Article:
Cascade Locks and Canal

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Cascade Locks Marine Park
Cascadelockssilted.png
Remnants of the locks as of 2011
Cascade Locks and Canal is located in Oregon
Cascade Locks and Canal
Cascade Locks and Canal is located in the US
Cascade Locks and Canal
Location On the Columbia River, Cascade Locks, Oregon
Area 64.5 acres (26.1 ha)
Built 1896 (1896)
NRHP Reference # 74001686[1]
Added to NRHP May 15, 1974
Dalles City and Regulator in Cascade Locks

The Cascade Locks and Canal was a navigation project on the Columbia River between the U.S. states of Oregon and Washington, completed in 1896. It allowed the steamboats of the Columbia River to bypass the Cascades Rapids, and thereby opened a passage from the lower parts of the river as far as The Dalles. The locks were submerged and rendered obsolete in 1938, when the Bonneville Dam was constructed, along with a new set of locks, a short ways downstream.[2]

Design and construction[edit]

Sunset over the eastern lock entrance, now flooded

As rail competition grew, and forced steamboats off their old routes, shippers and steamboat lines began agitating Congress to allocate funds for improvements to the river, in the form of canals and locks, that would restore their competitive position relative to the railroads. The two main improvements sought on the Columbia were the Cascade Locks and, about twenty years later, the Celilo Canal and Locks.

Studies for a canal at the Cascades had begun in 1875, but interest tapered off when Oregon Railroad and Navigation Company (O.R.& N.) finished the railroad to The Dalles and took its boats off the middle river. Anti-monopoly shippers eventually got Congress to allocate funds in 1893 to begin the canal and locks at the Cascades, which were completed in November 1896. The locks had a lift chamber carved in solid rock 460 feet (140 m) long, and 90' wide, with 8 feet (2.4 m) of draft, deep enough for any vessel then on the river, and large enough to accommodate several at once. The locks could raise a vessel 14' at high water and 24' at low water.[3]

The lock gates were 56 feet (17 m) wide and 90 feet (27 m) high. The locks were carefully designed to address the great variation in the height of the river, the difference between high and low water being 55 feet (17 m). This condition made it necessary to build a series of three sets of gates, increasing in height from the lower entrance to the huge upper guard gate, only two sets being used at one time. When the river was low, the upper guard gates remained open continually and the lower sets were operated. When the water rose enough to drown the lower gates, they were swung open and the lifting work was done by the others. The upper approach was formed by masonry wall extending from the guard gate in a long sweep of 1,200 feet (370 m), and the bank behind was armored against floods with riprapped stone.[4]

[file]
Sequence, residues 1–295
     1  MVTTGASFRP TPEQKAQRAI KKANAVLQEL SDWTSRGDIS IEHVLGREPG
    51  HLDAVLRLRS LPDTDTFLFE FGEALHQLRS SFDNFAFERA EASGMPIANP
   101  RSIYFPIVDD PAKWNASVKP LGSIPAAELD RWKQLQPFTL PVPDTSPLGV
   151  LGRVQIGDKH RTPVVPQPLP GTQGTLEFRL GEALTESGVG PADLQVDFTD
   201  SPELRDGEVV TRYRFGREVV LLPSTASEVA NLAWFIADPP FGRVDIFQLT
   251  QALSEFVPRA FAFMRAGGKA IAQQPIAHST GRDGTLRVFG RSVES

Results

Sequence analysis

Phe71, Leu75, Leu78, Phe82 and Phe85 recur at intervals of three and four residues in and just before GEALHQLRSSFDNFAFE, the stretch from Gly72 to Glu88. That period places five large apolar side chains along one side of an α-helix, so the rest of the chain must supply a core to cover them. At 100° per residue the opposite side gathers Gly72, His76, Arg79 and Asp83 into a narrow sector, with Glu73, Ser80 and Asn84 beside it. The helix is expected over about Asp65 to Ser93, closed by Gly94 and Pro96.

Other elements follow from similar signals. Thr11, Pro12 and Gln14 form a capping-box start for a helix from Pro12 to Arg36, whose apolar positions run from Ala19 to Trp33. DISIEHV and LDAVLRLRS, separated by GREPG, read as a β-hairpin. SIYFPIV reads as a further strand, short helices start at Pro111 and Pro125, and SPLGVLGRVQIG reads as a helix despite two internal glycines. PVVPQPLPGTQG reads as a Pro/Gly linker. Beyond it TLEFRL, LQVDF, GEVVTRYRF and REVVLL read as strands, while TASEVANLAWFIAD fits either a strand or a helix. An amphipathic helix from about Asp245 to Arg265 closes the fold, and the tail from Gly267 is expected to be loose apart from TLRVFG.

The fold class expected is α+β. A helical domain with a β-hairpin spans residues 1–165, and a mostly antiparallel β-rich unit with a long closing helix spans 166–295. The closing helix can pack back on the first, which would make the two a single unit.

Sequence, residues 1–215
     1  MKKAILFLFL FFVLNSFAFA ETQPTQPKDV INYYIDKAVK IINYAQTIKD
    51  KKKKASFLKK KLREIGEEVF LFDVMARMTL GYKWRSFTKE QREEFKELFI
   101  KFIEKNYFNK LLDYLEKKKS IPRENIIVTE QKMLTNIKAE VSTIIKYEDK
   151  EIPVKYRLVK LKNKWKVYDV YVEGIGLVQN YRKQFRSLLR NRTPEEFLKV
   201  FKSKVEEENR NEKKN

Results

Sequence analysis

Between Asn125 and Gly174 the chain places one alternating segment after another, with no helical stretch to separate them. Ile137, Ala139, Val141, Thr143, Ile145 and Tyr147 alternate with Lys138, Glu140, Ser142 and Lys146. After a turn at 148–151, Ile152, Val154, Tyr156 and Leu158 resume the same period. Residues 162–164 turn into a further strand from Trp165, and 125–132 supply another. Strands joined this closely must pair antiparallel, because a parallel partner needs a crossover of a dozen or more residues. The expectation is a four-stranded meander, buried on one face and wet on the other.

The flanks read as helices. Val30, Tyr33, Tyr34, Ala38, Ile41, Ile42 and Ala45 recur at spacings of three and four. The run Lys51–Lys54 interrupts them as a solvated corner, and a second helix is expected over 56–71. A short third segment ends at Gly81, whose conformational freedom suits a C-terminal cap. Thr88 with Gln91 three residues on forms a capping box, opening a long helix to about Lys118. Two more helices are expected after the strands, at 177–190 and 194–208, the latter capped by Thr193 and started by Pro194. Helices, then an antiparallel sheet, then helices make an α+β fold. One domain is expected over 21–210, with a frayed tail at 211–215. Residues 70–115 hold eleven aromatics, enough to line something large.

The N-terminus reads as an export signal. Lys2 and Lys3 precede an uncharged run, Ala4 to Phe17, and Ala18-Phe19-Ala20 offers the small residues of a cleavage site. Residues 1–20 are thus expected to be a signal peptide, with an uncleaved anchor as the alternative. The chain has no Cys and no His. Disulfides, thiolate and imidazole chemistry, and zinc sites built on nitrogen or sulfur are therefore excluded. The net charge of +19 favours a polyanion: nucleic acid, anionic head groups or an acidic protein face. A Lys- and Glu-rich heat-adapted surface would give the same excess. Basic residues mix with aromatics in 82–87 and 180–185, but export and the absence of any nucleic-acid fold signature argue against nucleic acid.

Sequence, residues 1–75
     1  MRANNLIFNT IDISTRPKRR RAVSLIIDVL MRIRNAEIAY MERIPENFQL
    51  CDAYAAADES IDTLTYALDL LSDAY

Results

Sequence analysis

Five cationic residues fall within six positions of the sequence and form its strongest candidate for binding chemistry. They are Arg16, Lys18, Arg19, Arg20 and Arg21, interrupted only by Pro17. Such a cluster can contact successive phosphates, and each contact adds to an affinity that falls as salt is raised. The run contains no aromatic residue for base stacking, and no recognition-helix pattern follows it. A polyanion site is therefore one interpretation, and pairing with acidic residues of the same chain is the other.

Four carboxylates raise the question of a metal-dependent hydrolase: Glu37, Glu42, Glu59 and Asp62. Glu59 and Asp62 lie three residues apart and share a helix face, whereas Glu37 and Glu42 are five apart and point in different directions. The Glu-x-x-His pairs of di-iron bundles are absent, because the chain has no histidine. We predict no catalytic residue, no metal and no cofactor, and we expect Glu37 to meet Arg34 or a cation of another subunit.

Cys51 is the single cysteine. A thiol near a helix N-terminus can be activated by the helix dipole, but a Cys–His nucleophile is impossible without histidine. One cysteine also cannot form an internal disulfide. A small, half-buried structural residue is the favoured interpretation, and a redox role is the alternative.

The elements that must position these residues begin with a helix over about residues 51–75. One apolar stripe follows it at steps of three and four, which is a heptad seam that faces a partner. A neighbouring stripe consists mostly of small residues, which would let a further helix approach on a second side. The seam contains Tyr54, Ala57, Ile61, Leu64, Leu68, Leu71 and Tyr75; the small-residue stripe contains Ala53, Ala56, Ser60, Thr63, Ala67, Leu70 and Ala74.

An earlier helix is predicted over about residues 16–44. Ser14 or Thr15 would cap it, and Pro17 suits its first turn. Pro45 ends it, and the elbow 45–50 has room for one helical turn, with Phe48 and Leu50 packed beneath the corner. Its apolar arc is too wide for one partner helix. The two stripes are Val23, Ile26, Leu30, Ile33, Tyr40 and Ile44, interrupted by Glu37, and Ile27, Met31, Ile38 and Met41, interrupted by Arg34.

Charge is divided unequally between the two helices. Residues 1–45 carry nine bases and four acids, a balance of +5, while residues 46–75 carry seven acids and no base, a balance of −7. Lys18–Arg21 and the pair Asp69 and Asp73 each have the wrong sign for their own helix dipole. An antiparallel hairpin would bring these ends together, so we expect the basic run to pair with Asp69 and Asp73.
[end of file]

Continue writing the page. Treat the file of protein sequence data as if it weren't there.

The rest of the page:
Effect on river traffic[edit]

Bailey Gatzert in Cascade Locks, circa 1915, with Columbia River in background

In an 1897 article written shortly after their completion, Scientific American was optimistic about the future of the locks, saying:

With cheaper rates, adjacent counties will ship from here, and, considering that this is but one point on a river navigable for several hundred miles, we see that the total of the freight of this country is very large. Doubtless the railroads will still handle a large part of the business, but water transportation is always a most salutary regulator of freight rates, and everything consumed or produced in an area of probably 100,000 square miles (260,000 km2) will be affected by these locks which open the great Columbia River to commerce. In particular will the vast quantity of wheat raised in Eastern Oregon and Washington feel the improved rates of transportation to the coast, whence it seeks a market in Europe. The people of the "Inland Empire" may well congratulate themselves on the completion of the Cascade Locks.[5]

As it turns out, completion of the locks and the 3,000-foot (910 m) canal leading from the east end of the locks, produced some increase in traffic,[6] but not as much increase in riverine traffic as had been hoped. The North Bank railroad was also completed along the Columbia, which took more business away from the boats. As a result, the Regulator Line, which had been running Dalles City, Regulator, and Bailey Gatzert on the lower Columbia, and, through the locks, on the middle Columbia, sold out to James J. Hill, owner of the Great Northern and other railroads. Not long later, in 1912, the Panama Canal Act made it illegal for a railroad to be owned in common with a competing steamboat line, so in 1915, Great Northern sold its boats.[7]

Current status[edit]

The lower lock and the canal were flooded when the Bonneville Dam was completed in the 1930s. The upper part of the higher lock is still visible and part of Cascade Locks Marine Park in the city of Cascade Locks, Oregon. The park is listed on the National Register of Historic Places.

See also[edit]

References[edit]

  1. ^ National Park Service (2010-07-09). "National Register Information System". National Register of Historic Places. National Park Service. 
  2. ^ Columbia River History, Northwest Power and Conservation Council. Accessed January 11, 2008.
  3. ^ Newell, Gordon R., ed., H.W. McCurdy Marine History of the Pacific Northwest, at page 5, Superior Publishing, Seattle, WA 1966
  4. ^ "Cascade Locks," Scientific American, page 167, March 13, 1897[permanent dead link]
  5. ^ "Cascade Locks," Scientific American, page 167, March 13, 1897[permanent dead link]
  6. ^ McCurdy, at 5
  7. ^ Timmen, Fritz, Blow for the Landing, at page 32-36, Caxton Printers, Caldwell, ID, 1972 ISBN 0-87004-221-1

External links[edit]


Photographs[edit]

Coordinates: 45°40′07″N 121°53′47″W / 45.66850°N 121.89644°W / 45.66850; -121.89644